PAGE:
Retailer had $885m in liabilities at end of September, according to financial statement.
Damas International reached a “standstill” accord with most of its creditors to defer payments as the jewelry retailer seeks to restructure its business after it was fined by the market regulator for unauthorized deals.
“A restructuring plan is currently being developed by the company, which will be implemented at the end of the standstill period,” the Dubai-based company said in an e-mailed statement today. Damas didn’t give details of its lenders or the amount involved in the standstill agreement.
The retailer had AED3.25bn ($885m) in liabilities at the end of September, according to its financial statement on the Nasdaq Dubai bourse Web site. The company posted a six-month loss of AED714.8m for the period ended September 30 after reporting a profit of AED91.1m in the year-earlier period.
Damas is among several Gulf Arab companies seeking debt renegotiations after the economic crisis dried up financing and brought the property boom to a halt. Dubai World, a state-owned holding company, is asking creditors to wait as long as eight years before they receive all their money back as part of its $23.5bn debt reorganization announced last week.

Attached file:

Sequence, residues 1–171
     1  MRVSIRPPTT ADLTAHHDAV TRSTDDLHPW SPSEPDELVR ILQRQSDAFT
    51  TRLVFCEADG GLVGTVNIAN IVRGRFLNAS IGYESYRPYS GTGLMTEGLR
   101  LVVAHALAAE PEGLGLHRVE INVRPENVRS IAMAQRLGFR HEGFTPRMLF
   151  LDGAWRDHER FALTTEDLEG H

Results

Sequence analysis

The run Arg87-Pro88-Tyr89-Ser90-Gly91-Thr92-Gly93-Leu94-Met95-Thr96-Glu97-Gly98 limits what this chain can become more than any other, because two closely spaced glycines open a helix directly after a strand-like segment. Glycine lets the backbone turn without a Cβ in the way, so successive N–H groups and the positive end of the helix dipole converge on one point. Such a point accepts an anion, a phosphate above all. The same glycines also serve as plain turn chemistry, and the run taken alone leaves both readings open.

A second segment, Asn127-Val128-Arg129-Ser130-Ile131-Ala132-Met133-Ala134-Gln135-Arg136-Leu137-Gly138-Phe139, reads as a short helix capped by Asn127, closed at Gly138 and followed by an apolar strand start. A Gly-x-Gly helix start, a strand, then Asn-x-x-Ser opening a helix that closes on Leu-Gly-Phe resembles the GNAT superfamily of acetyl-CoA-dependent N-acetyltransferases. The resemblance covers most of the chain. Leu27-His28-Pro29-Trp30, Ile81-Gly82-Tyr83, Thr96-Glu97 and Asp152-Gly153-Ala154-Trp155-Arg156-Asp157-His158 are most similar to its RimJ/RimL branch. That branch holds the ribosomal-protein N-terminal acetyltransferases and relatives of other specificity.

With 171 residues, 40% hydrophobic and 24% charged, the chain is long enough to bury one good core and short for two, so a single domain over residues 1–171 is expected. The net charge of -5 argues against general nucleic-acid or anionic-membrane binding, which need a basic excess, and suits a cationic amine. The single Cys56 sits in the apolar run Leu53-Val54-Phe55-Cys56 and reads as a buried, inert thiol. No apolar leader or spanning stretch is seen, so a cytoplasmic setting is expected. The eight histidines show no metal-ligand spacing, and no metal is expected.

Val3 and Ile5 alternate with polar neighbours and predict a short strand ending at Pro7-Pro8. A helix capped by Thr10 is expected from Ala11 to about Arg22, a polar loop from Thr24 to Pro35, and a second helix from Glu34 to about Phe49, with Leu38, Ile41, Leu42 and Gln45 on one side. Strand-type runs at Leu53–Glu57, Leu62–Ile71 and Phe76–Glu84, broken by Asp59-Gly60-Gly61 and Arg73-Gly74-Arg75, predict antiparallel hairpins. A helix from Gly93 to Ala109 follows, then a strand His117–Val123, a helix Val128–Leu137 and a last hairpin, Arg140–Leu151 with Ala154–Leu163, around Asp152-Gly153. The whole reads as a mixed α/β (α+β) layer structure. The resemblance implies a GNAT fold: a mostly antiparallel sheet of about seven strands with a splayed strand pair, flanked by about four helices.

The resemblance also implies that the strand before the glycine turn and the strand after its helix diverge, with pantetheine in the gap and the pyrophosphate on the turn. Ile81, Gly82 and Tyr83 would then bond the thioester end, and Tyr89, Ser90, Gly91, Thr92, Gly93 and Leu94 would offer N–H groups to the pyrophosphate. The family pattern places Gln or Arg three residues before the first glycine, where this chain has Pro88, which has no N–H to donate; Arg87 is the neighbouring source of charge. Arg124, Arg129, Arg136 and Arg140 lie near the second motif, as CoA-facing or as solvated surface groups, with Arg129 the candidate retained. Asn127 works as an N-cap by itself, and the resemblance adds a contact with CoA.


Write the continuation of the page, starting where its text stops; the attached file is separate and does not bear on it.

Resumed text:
Damas was fined AED2.57m on March 21 by the Dubai Financial Services Authority for failing to prevent its owners, the Abdullah brothers, withdrawing about AED365m from the company without board approval. The brothers also owe the company a value equal to about 1.9 tonnes of gold. The board resigned following the directive by the regulator.
The shares have dropped 31 percent this year and were at 15.5 cents when they last traded on March 25. Damas raised $270.6m in an initial share sale in July 2008 before listing on Nasdaq Dubai. The shares were sold at $1 each.
Damas, which has jewelry stores in almost 20 countries, said in October that Chief Executive Officer Tawhid Abdulla resigned because of unauthorized transactions. Later that month, Damas said Abdullah and his two brothers agreed to repay the full value of the unauthorized deals of about $165m.
The company last month appointed Chief Financial Officer Sanjay Kalsi as interim acting chief executive as part of management changes. Sanjay Manchanda, a partner at PricewaterhouseCoopers, was appointed chief restructuring adviser. A shareholders meeting will be held on April 19 to appoint new board members, the company said in a separate statement to Nasdaq Dubai today.
Standstill is an interim agreement between a borrower and its creditors that defers principal repayments of debt, pending agreement on debt rescheduling.